Microsoft’s Ballmer In Firing Line As Gates Departs - InformationWeek

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Microsoft’s Ballmer In Firing Line As Gates Departs

The question is whether Ballmer, as a solo act, is up to leading Microsoft through its next set of hurdles.

Microsoft kicks off a new fiscal year Tuesday facing numerous challenges. That in itself is not unique for the world’s biggest software maker. Over the years, it's had to navigate various tech industry shifts to maintain its dominance -- including the rise of the Internet, the emergence of open source computing, the dot-com collapse, and increasing regulatory scrutiny of its industry.

Through it all, there's been one constant at Microsoft. Make that two: Bill Gates and Steve Ballmer. Gates, as chairman and chief software architect, was the visionary. He was the big thinker who pondered future trends and what they would mean for his company. CEO Ballmer was the tactician, a super salesman whose job was to win big customers while using shrewd moves -- or bullying and bluster -- to keep competitors at bay.

Starting Monday, Ballmer will have to be both. Gates stepped down Friday from full-time duties at Microsoft to concentrate on philanthropic efforts, though he will remain the company's nominal chairman.

That raises the question of whether Ballmer, as a solo act, is up to leading Microsoft through its next set of hurdles. It's a top-of-mind question for investors, partners, customers, regulators, and numerous other parties impacted one way or another by the company's far-reaching tentacles.

And it's a particularly keen topic given that Microsoft may be more vulnerable to competitors than at any other time in its 33-year history.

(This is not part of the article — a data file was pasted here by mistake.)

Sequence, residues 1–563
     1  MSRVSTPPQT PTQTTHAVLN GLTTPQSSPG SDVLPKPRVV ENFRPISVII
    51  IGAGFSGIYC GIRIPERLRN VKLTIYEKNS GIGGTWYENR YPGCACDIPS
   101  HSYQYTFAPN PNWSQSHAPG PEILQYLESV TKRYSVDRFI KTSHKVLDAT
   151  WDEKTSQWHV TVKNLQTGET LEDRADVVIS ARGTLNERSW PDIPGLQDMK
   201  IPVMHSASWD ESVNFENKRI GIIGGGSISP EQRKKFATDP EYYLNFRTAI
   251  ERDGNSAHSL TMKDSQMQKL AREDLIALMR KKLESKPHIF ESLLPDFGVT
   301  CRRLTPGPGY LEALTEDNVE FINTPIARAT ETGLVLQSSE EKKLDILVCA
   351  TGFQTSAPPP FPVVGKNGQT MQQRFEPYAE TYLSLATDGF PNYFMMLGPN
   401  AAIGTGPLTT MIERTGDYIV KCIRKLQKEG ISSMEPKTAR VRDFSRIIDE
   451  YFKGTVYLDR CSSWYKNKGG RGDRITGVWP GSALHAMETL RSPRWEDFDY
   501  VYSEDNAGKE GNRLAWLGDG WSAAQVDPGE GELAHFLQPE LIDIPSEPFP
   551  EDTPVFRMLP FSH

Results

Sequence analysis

The company's current operating system, Windows Vista, has been poorly received. Customers have balked at its cost, heavy resource requirements, and lack of compatibility with older software.

Disappointment with Vista has been such that Microsoft's Windows sales plunged 25% in the most recent quarter.

Meanwhile, Apple's Mac sales are surging and even Linux, an open source OS that was once the sole preserve of techno-geeks, has been showing up on PCs sold at Wal-Mart.

Ballmer, 52, says he wants to remain at Microsoft's helm for 10 years. If he's to survive for even half of that, he'll have to ensure that Microsoft's next OS, Windows 7, fares better than Vista when it's launched in 2010.

Ballmer also needs, urgently, to clarify Microsoft's Internet strategy and start putting the pieces in place. The company is No. 3, or worse, in almost every important Net metric, behind Google, Yahoo, and other players.

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